How Chesapeake’s Stock Has Performed since April 2015



Chesapeake’s stock performance

Chesapeake’s (CHK) stock has been rallying, more or less, since February 2016, mirroring the movements in natural gas prices. YoY (year-over-year), Chesapeake’s stock has fallen by ~54%. Natural gas prices have declined by ~13% in the same period.

How Chesapeake's Stock Has Performed since April 2015

By comparison, the broader industry ETF, the Energy Select Sector SPDR ETF (XLE), has fallen by 18% in the same period. CHK’s peers such as WPX Energy (WPX), Gulfport Energy (GPOR), and QEP Resources (QEP) saw their stock prices drop by 31%, ~38%, and ~28%, respectively, in the same period. These companies together make up ~2.6% of the iShares US Oil & Gas Exploration & Production ETF (IEO).

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Much of the rally has to do with CHK’s asset sale announcement in its 4Q15 earnings. Chesapeake announced asset sales amounting to $700 million, which it plans to close by the end of 2Q16. Its turnaround is also due to investors’ changes of opinion on the likelihood of Chesapeake filing for bankruptcy.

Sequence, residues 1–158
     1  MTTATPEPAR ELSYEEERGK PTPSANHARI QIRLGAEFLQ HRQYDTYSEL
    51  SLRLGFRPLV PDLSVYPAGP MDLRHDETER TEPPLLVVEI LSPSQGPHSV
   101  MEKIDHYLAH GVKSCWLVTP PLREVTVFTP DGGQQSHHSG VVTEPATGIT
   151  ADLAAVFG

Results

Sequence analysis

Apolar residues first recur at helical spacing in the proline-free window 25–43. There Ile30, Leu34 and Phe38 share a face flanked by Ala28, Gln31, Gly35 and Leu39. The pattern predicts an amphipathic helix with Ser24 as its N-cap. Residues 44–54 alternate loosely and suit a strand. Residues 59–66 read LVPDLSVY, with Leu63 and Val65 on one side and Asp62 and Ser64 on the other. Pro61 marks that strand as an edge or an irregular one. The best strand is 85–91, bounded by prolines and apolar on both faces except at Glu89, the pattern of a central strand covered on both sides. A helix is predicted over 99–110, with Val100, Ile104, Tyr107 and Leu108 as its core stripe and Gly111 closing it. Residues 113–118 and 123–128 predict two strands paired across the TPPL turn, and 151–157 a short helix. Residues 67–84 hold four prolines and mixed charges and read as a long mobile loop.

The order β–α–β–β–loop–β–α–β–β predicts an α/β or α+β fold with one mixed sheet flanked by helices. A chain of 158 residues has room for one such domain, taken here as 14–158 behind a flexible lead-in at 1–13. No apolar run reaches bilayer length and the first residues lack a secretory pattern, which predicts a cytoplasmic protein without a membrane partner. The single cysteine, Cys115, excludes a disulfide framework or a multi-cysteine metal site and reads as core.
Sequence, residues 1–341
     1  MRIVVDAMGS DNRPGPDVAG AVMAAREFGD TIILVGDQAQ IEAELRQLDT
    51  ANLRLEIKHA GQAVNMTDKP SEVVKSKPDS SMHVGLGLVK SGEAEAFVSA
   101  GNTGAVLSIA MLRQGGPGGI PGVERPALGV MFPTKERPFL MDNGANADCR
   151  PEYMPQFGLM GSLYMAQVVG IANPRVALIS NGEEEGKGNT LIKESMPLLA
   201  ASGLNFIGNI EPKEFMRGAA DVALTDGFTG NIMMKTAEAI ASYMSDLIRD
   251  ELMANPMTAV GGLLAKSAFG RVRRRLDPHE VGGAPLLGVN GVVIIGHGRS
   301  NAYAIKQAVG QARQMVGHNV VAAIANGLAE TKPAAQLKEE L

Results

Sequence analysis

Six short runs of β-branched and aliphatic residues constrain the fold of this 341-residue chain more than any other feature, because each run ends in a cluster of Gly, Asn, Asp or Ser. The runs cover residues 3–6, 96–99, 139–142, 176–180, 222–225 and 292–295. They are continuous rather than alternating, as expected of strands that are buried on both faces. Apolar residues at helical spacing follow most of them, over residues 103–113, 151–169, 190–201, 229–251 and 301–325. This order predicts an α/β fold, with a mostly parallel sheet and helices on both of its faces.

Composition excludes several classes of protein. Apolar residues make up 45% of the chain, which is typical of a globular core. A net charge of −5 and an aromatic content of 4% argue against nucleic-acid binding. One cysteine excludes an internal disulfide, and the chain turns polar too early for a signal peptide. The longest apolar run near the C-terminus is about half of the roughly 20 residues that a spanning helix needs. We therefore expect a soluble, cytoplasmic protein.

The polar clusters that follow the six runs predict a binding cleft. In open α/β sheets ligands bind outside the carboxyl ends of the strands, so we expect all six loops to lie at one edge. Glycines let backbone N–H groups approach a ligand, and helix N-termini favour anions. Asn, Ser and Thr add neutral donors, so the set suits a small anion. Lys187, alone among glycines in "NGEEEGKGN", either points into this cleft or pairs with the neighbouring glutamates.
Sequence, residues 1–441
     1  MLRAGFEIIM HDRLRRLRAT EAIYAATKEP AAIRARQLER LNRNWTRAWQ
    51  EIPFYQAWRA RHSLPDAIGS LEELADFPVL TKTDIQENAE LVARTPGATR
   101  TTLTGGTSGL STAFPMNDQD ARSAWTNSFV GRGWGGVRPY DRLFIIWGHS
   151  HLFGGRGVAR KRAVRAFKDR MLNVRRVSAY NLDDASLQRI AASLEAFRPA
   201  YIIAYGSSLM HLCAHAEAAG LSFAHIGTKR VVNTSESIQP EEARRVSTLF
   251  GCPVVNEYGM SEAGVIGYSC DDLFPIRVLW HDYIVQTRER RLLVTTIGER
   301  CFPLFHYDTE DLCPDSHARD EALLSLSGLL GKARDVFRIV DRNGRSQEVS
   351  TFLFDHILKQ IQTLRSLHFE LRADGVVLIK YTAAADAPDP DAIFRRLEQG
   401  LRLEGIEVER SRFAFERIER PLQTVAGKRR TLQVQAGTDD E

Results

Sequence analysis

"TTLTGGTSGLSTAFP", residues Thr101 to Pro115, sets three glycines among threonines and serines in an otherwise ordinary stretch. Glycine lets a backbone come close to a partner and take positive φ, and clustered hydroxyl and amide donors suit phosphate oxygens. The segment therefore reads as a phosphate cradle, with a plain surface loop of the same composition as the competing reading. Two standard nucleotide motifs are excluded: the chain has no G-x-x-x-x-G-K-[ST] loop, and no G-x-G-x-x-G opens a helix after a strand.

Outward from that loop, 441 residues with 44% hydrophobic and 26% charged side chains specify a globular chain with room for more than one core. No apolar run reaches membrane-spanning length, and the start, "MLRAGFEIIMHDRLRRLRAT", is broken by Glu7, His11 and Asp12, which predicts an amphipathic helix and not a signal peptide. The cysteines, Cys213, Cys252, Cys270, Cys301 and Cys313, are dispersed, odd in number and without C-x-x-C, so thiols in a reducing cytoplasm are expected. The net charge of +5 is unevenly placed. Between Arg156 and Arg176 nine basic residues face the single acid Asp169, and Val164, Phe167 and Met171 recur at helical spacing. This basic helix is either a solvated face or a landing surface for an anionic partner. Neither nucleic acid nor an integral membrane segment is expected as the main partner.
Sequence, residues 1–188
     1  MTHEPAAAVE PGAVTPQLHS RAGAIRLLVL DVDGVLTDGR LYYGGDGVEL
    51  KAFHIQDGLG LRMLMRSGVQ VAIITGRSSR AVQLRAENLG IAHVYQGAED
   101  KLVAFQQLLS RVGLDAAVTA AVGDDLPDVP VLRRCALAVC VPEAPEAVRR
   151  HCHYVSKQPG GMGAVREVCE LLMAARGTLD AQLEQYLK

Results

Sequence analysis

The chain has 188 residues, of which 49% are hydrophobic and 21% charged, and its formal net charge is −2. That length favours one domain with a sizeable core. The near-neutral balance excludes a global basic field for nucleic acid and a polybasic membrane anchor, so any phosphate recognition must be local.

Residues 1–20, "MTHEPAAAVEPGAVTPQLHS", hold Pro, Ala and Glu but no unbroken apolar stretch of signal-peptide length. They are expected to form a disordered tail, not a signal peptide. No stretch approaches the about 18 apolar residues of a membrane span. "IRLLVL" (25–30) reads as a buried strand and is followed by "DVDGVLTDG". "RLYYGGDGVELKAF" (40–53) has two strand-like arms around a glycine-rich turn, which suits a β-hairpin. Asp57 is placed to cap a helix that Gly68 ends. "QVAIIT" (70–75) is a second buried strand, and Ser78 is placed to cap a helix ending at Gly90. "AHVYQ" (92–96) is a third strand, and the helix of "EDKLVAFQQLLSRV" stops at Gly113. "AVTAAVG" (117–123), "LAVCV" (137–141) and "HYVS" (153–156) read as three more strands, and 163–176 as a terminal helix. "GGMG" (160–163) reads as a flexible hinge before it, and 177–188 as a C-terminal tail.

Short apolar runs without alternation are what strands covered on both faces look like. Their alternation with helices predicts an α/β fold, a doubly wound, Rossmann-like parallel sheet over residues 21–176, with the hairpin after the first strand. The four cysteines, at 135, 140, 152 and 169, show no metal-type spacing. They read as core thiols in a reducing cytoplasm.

Chesapeake Energy is planning asset sales worth $500 million–$1 billion in 2016, excluding the $700 million asset sales. Therefore, the total divestments will amount to $1.2 billion–$1.7 billion in 2016.

Chesapeake’s amended credit facility and suspended dividends

On April 11, CHK announced that it had amended its $4 billion secured revolving credit facility. The borrowing base was reaffirmed at $4 billion. Following the announcement, CHK closed 20% higher.

In January 2016, CHK announced the suspension of its preferred stock dividend. This will allow it to save ~$170 million of additional cash per year. In its annual 10-K filing, CHK noted, “We are also evaluating additional capital exchanges, asset sales, joint ventures and farm-outs to increase our liquidity and cash flow.”

Apart from these key strategies, CHK has announced a 57% YoY reduction in its capital expenditure to reduce its debt load and improve liquidity.

In the next and final part of this series, we’ll check in with what analysts are recommending for CHK.


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